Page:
The park is situated just south of the Central Highlands, of which escarpment brings about an enrapturing backdrop. At the center of the park lies the Udawalawe Reservoir. Udawalawe National Park established in the year 1972, with the objective of protecting the catchment area of Udawalawe reservoir,which provides water for agriculture and hydro-power generation spreads over an area 30,821, resembles an African game park: it is mainly thorny-shrub jungle with grasslands.
While the remnants of the Teak plantations that were planted at the time of the construction of the Udawalawe Reservoir is scattered around, Kumbuk and the endemic Mandorang trees abound in the riverine areas.
The climate in the park is characterized by a seasonal rainfall and uniformly high temperature conditions. The average annual rainfall is about 1500mm in the south end, and it gradually increases towards the north. The annual average temperature is about 32 C.
The rainfall experienced in the Park is characterized by a bimodal pattern of distribution in both monthly and weeklty rainfall. Two rainfall peaks occur in an year, one in April- May and the other in the October – November. A short dry spell is experienced in February- March and a prolonged dry period is observed from mid May to end of September.
The temperature in the National Park situated so close to 6 N, remains high and relatively uniform throughout the year, that is extreme fluctuations of temperature do not occur within the National Park or its surroundings. The annual average temperature is about 29 C.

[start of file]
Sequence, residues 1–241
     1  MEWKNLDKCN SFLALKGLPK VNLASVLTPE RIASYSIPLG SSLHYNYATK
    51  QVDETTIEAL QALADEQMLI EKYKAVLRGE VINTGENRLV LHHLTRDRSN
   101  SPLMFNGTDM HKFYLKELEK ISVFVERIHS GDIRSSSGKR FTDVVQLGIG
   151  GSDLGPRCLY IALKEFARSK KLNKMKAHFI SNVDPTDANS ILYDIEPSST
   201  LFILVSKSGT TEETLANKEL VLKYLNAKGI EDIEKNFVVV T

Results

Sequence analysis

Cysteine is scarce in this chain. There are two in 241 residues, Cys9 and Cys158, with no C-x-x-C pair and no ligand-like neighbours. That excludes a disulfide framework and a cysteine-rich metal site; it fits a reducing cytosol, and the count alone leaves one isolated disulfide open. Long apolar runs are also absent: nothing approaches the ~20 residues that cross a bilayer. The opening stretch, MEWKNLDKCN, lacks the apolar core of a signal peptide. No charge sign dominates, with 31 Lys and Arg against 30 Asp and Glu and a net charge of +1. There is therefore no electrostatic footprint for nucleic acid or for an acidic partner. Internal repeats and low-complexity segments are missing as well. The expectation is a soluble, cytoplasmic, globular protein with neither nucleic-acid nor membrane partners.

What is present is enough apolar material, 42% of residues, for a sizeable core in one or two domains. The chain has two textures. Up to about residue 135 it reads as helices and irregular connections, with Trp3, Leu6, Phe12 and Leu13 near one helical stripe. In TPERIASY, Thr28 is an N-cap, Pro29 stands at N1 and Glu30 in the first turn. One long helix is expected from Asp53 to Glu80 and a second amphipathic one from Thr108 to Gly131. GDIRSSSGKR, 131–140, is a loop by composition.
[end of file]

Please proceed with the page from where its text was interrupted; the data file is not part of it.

The Udawalawe Elephant Transfer Home is an Elephant orphanage located within the Udawalawe National Park. Established in 1995 by the Department of wildlife Conservation, it is home to over 40 orphaned elephants. The orphaned calves and juveniles of the park are brought into the orphanage and raised with necessary care until such time as they could be released to their habitat. Once they are released to the park, the Park authorities take upon themselves to keep constant track of the beasts till they get used to the new life in the wild. As at the year 2008, no less than sixty-five elephants had been released to the jungle.
Udawalawe National Park – tourist info for Book Udawalawe safari; is an excellent destination to see elephants, with herds of 50 to 60 individuals regularly seen and game drives are in open-top jeeps and accompanied by local wildlife guides.
The Sri Lankan elephant, a distinct sub-species of the mainland Asian elephant of India and Thailand, is the easiest to see. Its gentle demeanor and indomitable size has made this gentle giant a much-loved wildlife icon the world over.
Although as many as 10,000 elephant roamed Sri Lanka at the turn of the century, only some 5,000 live in the wild today. This is largely to the ‘Human Elephant Conflict’ (HEC) that leads to the death of 150-200 elephants each year, causing its classification as an endangered species.
Besides elephant, other mammal species in the park include, sambar, chital and wild boar. Dry zone birdlife includes greyheaded fish eagle, black-shouldered kite, changeable hawk eagle, crested serpent eagle, white-bellied sea eagle, shikra, common kestrel, brown fish owl and western marsh harrier.